The Fund for Investigative Journalism

Supporting investigative reporting projects around the world

  • Next Application Deadline

    Monday Feb. 6, 2017 - 5pm Eastern Time
  • Life Without Parole

    Dinah Robinson with Photo of Her son, Aaron JohnsonFrom David Krajicek for The Crime Report, an investigation of long sentences that test the question: how much punishment is enough? Focusing on Aaron Johnson of Alabama, convicted after a fourth trial for a 1994 murder, Krajicek writes: “His story is an example of the enduring after-effects of the politicization of American justice through legislated sentencing mandates. A generation ago, experts say, Johnson likely would have served fewer than 20 years for a comparable crime. Even today, he would be parole-eligible in many states.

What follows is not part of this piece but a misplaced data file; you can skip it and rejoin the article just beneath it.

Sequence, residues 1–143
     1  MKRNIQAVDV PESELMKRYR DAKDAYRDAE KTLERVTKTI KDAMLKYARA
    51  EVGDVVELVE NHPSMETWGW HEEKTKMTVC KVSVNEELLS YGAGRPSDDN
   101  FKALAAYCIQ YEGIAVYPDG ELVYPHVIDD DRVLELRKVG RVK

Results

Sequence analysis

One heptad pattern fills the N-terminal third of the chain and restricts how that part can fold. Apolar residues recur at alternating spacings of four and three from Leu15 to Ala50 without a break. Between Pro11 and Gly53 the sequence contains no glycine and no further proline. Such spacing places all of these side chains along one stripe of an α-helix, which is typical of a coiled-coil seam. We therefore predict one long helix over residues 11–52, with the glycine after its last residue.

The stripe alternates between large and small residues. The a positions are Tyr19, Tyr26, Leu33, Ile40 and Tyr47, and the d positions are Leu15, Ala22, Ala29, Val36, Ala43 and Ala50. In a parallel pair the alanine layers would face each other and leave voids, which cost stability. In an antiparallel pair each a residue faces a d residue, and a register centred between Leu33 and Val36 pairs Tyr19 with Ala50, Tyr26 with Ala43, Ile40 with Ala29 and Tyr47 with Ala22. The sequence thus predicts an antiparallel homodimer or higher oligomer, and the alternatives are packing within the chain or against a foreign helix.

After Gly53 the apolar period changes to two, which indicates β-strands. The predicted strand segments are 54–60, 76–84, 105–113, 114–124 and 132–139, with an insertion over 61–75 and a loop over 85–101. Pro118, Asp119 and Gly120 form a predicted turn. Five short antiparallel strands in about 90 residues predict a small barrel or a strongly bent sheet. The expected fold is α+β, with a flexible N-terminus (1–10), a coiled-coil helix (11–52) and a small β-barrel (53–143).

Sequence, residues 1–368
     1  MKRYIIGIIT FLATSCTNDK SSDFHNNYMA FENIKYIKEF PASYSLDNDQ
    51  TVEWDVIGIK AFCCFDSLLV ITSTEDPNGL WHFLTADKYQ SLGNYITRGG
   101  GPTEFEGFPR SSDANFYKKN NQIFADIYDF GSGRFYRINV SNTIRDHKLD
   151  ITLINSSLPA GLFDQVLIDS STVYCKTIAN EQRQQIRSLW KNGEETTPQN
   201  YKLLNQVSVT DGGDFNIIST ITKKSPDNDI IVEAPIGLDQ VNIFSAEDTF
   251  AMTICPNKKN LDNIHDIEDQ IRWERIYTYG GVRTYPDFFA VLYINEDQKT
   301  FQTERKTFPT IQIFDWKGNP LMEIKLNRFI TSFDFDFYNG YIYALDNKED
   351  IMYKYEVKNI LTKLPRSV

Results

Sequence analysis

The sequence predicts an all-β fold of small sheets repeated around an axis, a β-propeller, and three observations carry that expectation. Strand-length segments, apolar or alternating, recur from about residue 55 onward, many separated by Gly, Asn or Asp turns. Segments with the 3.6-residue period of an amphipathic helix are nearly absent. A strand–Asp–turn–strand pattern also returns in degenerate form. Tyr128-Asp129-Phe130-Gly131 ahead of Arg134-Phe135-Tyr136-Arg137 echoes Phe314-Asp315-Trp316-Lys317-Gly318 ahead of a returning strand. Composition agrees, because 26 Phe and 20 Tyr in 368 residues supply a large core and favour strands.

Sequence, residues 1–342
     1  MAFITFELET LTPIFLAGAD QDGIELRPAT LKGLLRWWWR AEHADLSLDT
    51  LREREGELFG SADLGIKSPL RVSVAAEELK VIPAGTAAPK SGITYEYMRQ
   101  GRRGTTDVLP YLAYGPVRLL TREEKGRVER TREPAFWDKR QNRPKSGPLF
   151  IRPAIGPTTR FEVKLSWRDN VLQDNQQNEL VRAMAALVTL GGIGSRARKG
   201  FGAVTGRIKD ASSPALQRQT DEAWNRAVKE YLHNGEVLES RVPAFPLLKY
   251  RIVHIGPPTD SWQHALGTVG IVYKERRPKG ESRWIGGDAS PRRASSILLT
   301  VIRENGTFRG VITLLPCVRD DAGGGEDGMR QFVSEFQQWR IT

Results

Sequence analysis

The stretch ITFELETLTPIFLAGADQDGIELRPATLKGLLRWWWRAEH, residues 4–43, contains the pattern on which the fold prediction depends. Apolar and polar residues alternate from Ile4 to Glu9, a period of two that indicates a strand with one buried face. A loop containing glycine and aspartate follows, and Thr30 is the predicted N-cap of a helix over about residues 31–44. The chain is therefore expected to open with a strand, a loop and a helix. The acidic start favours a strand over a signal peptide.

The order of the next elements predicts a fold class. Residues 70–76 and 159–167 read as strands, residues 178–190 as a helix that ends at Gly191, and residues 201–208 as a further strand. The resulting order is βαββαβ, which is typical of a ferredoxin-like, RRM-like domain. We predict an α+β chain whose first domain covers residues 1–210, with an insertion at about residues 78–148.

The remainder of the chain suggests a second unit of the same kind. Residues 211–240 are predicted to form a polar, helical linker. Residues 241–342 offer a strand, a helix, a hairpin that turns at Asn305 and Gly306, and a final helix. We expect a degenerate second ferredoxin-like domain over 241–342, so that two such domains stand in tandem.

“Instead, he is caught in the country’s lifer bubble, roughly 175,000 strong and growing—a neglected remainder of the lock-‘em-up frenzy of the 1980s and 1990s. The number of lifers today is comparable to the entire U.S. prison population in 1968. The racial imbalance is striking: Half of all lifers are black, four times the percentage of African-Americans in the U.S. population.

    “Yet so far lifers have been excluded from reform discussions, even though the country’s long-term prisoners are the core constituency of the methodical mass incarceration that is widely viewed as racist and ineffectual.”

    [Reporting sponsored by The Ethics and Excellence in Journalism Foundation.]

    Photo of Dinah Robinson, Johnson’s mother, by David J. Krajicek

    Pin It
    email hidden; JavaScript is required